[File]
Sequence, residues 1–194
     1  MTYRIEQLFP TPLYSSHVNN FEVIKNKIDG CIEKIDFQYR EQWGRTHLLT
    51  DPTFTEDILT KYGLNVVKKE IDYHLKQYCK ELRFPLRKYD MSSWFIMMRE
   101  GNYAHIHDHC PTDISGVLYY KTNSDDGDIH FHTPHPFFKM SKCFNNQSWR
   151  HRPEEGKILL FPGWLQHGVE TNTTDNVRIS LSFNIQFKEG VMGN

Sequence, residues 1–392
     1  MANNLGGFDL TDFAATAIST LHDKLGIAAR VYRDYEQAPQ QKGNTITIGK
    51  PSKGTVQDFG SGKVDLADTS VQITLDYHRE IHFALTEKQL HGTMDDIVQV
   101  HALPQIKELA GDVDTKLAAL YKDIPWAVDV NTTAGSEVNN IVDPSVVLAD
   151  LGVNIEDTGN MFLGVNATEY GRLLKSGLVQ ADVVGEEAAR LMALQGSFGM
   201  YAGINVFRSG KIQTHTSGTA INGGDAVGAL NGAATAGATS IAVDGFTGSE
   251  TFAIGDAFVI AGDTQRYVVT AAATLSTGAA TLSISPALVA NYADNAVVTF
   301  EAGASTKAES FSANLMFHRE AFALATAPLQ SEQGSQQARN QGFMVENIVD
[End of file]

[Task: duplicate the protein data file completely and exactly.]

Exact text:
Sequence, residues 1–194
     1  MTYRIEQLFP TPLYSSHVNN FEVIKNKIDG CIEKIDFQYR EQWGRTHLLT
    51  DPTFTEDILT KYGLNVVKKE IDYHLKQYCK ELRFPLRKYD MSSWFIMMRE
   101  GNYAHIHDHC PTDISGVLYY KTNSDDGDIH FHTPHPFFKM SKCFNNQSWR
   151  HRPEEGKILL FPGWLQHGVE TNTTDNVRIS LSFNIQFKEG VMGN

Sequence, residues 1–392
     1  MANNLGGFDL TDFAATAIST LHDKLGIAAR VYRDYEQAPQ QKGNTITIGK
    51  PSKGTVQDFG SGKVDLADTS VQITLDYHRE IHFALTEKQL HGTMDDIVQV
   101  HALPQIKELA GDVDTKLAAL YKDIPWAVDV NTTAGSEVNN IVDPSVVLAD
   151  LGVNIEDTGN MFLGVNATEY GRLLKSGLVQ ADVVGEEAAR LMALQGSFGM
   201  YAGINVFRSG KIQTHTSGTA INGGDAVGAL NGAATAGATS IAVDGFTGSE
   251  TFAIGDAFVI AGDTQRYVVT AAATLSTGAA TLSISPALVA NYADNAVVTF
   301  EAGASTKAES FSANLMFHRE AFALATAPLQ SEQGSQQARN QGFMVENIVD